While in some places life continued fairly normally, in others homes and whole villages were destroyed and civilians from local minority and ethnic groups suffered tremendous hardships. Thousands lost family members. Millions of Muslims, Christians and Kurds chose to flee into exile for their own safety and a chance of a better life, even splitting up families.

Iraq is the land of the Old Testament where Jews and many other tribes lived long before Christ and in the Christian era various groups of Christians lived there with others.  At times and in places after Islam became dominant, 700 years later, some cohabitation was possible between these 3 Religions of the Book (Judaism, Christianity, Islam) but persecution of Christians did happen constantly.  The Christian population, mainly Catholic, has decreased dramatically from 12% to 6%, 2 million to less than 300 000, in recent times due to civil war and Islamic radicalism under ISIS which had captured parts of the country, and been very active in the Kurdish region to which many Christians had fled.

What has been the faith and life experience of these Christian families in Iraq from early days until today?  We are told that in many countries our time has seen the greatest number of people martyred for their beliefs whatever they may be. Clearly families have been torn apart and traditions challenged.  Nevertheless the faith of many ordinary people, certainly the older generation, remains strong.  At the same time,  modern, more secular attitudes to life, human rights, empowerment of women and equality are factors too to be born in mind in rebuilding after this turbulent time of the ravages of the Covid-19 pandemic.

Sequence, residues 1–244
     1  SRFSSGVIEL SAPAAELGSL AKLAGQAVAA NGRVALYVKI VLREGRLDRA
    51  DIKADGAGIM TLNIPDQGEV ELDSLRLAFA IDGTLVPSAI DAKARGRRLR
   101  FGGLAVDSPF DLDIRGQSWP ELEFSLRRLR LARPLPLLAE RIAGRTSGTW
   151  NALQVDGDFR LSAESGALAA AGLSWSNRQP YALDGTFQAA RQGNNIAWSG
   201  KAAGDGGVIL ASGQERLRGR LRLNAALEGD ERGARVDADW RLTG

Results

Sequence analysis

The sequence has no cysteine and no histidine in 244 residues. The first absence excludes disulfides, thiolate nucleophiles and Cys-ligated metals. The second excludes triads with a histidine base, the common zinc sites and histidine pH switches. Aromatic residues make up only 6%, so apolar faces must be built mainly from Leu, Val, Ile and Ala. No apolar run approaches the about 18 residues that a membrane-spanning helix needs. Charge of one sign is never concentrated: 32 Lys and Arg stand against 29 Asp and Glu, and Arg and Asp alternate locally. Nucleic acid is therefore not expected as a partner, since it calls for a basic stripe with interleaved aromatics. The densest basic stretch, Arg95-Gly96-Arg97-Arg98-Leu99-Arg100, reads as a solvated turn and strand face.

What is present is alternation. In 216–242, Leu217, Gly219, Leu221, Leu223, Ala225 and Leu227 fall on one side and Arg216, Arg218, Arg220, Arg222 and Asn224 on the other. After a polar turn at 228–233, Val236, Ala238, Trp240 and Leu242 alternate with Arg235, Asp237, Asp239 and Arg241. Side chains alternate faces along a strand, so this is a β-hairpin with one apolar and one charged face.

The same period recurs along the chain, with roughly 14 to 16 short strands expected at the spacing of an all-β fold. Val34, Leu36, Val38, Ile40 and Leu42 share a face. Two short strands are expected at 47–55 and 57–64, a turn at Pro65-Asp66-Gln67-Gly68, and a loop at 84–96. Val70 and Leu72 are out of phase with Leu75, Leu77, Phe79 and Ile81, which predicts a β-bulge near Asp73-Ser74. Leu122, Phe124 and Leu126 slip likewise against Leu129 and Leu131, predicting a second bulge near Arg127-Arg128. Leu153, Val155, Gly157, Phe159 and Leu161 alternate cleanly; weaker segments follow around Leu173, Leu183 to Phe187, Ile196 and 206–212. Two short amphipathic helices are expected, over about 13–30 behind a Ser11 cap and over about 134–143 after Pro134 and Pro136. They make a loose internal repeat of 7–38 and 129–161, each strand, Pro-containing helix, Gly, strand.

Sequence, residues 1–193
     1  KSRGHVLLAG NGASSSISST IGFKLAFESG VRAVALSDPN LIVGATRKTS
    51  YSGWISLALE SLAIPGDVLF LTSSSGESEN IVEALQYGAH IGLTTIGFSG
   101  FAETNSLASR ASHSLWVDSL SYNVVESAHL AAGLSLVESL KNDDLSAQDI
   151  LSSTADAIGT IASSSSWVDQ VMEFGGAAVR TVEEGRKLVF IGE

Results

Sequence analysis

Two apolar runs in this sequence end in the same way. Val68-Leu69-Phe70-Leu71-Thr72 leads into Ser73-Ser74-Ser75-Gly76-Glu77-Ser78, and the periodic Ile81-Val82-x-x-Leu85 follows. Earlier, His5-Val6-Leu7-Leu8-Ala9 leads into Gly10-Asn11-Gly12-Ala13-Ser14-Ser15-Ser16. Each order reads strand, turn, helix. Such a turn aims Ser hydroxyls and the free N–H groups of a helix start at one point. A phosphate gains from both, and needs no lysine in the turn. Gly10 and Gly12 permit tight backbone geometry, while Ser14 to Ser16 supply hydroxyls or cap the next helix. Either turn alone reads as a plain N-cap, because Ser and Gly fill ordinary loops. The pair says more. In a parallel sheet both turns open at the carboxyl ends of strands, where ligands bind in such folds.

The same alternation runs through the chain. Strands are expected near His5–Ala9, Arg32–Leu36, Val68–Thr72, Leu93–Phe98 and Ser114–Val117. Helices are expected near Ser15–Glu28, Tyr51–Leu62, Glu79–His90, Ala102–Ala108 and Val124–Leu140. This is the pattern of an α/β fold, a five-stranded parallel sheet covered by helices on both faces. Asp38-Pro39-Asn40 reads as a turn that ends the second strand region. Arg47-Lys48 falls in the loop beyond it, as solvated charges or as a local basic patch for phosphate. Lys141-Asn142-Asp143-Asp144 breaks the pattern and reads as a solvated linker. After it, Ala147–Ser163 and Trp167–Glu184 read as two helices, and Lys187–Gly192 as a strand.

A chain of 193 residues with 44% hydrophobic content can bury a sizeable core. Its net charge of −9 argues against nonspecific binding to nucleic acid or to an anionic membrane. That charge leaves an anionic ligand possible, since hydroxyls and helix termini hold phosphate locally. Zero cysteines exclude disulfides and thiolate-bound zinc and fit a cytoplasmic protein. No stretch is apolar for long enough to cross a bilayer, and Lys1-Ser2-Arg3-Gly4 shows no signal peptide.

What was Pope Francis hoping to achieve for the sake of all God’s people and what was his overall message?   Was it, fraternity and peace, forgiveness and hope as described in his encyclical FRATELLI TUTTI?  At the end of his trip he said, “Today, I can see at first hand that the Church in Iraq is alive, and that Christ is alive and at work in this, His holy and faithful people.”  Would that we, and all Christian families across the world, could say the same! 

Tertullian, in the very early days of the Church witnessing the cruel persecution of Christians wrote, “The blood of martyrs is the seed of the Church.”  Pope Francis, in Iraq, said “The wisdom of Jesus embodied in the Beatitudes calls for witness and offers divine promises, such as the kingdom of heaven, comfort, satisfaction of seeing the face of God, which guarantee unrivalled joy and never disappoint.”

While recognizing their pain and suffering can we not honour those witnesses of Iraq as modern day martyrs, who also sacrificed and gave their lives for their faith and commitment to Jesus Christ?   TR   FAMILY WEEKLY

“Praised be You, my Lord, though those who give pardon for love of You, and bear sickness and trial.  Praised are those who endure in peace.  By You Most High they will be crowned.”  St Francis, Canticle of the Creatures. From LOVE IS HIS LAW, LOVE IS HIS WAY. MARFAM, February 24.

Join Toni Rowland and Fr Christophe Boyer on Wednesday 9-10 to reflect on the Pope’s trip to Iraq